The need for PageSpeed

Case studies and experiments demonstrating the impact of web performance optimization on user experience and business metrics.

Digital Bloom

by Vlad Kuryatnik

What is a PageSpeed and why it matters?

Today, people have high expectations for mobile experiences. Simply loading on a mobile device is no longer enough. To keep people engaged, mobile sites must be fast and relevant.

53% of visits are abandoned if a mobile site takes more than three seconds to load.
Page speed is often confused with “site speed,” which is actually the page speed for a sample of page views on a site. Page speed can be described in either “page load time” (the time it takes to fully display the content on a specific page) or “time to first byte” (how long it takes for your browser to receive the first byte of information from the web server). No matter how you measure it, a faster page speed is better. Many people have found that faster pages both rank and convert better.
1 out of 2 people expect a page to load in less than 2 seconds.
Google has indicated site speed (and as a result, page speed) is one of the signals used by its algorithm to rank pages. And research has shown that Google might be specifically measuring time to first byte as when it considers page speed. In addition, a slow page speed means that search engines can crawl fewer pages using their allocated crawl budget, and this could negatively affect your indexation.

Why are mobile sites so slow?

A mobile site is like a backpack — it can be a neat and organized way to carry what you need, so long as you don’t overload it. If you overload your backpack, not only will it weigh you down, but the items in your bag could get wrinkled, bruised or damaged from overcrowding.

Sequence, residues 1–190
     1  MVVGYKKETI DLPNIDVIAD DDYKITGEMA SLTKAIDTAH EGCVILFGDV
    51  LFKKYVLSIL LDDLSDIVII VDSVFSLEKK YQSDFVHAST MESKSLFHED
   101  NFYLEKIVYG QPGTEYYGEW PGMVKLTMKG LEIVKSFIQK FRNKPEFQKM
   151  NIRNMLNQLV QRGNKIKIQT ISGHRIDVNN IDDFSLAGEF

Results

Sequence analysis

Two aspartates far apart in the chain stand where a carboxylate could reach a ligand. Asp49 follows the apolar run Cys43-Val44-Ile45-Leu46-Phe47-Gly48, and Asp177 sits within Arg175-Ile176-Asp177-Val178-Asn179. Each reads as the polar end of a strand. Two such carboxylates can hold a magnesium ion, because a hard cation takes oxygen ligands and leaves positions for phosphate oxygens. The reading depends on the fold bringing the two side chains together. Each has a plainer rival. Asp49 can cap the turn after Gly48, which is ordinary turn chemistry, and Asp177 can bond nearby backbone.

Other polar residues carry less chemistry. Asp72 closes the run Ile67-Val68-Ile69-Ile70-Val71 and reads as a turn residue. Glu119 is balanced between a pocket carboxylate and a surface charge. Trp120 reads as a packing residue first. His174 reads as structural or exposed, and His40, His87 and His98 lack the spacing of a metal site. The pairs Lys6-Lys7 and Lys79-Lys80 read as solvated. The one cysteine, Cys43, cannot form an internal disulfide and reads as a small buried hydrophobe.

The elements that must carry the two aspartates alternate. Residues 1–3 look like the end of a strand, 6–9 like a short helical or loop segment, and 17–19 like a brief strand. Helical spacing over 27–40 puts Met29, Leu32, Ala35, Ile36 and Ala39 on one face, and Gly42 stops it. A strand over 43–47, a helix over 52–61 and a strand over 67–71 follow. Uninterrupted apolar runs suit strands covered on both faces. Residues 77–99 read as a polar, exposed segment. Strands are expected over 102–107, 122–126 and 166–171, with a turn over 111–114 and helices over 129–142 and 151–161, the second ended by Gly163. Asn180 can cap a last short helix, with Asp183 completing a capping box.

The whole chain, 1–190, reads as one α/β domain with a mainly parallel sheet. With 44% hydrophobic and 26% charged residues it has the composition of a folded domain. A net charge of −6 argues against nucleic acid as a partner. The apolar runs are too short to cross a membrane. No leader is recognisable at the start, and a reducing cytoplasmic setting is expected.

77% of mobile sites take longer than 10 seconds to load on 3G networks
The three key factors we’ve found to slow down mobile load times: file size, element order and server requests. The ads, images, videos and measurement technology on a site weigh it down with excess data and requests.
19 seconds is the average load time for mobile sites on 3G networks
The average mobile web page is 2.5MB in size. This means the data alone takes 13 seconds to download on a fast 3G connection. To make mobile sites faster, start by optimizing images (and reducing their size) for mobile screens. Be sure to pare down JavaScript file sizes and minimize the number of fonts on your page.

Faster load times mean more chances for engagement.

There is a correlation between slow mobile sites and high bounce rates. When sites load slowly, users are more likely to abandon the page — every time a user leaves your site, you lose traffic to monetize.
60% greater page-views per visit
Imagine you’re headed to a museum to see the hot new exhibit, and you have a choice between waiting in the longer regular line or the fast-moving VIP line. You’ll want to pick the shorter VIP line, of course. Meanwhile, if the regular line is too long, it might convince you to turn around and go home if it’s your only option.
35% lower bounce rates
It’s the same with mobile speed. Creating a fast and smooth mobile web experience keeps users engaged. Quick sites make people more likely to click through to more pages, reading further to consume more content.

How PageSpeed impacts on Google AdWords Quality Score?

Quality Score is Google’s rating of the quality and relevance of both your keywords and PPC ads. It is used to determine your cost per click (CPC) and multiplied by your maximum bid to determine your ad rank in the ad auction process. Your Quality Score depends on multiple factors, including: 

  • Your click-through rate (CTR). 
  • The relevance of each keyword to its ad group.
  • Landing page quality and relevance.
  • The relevance of your ad text.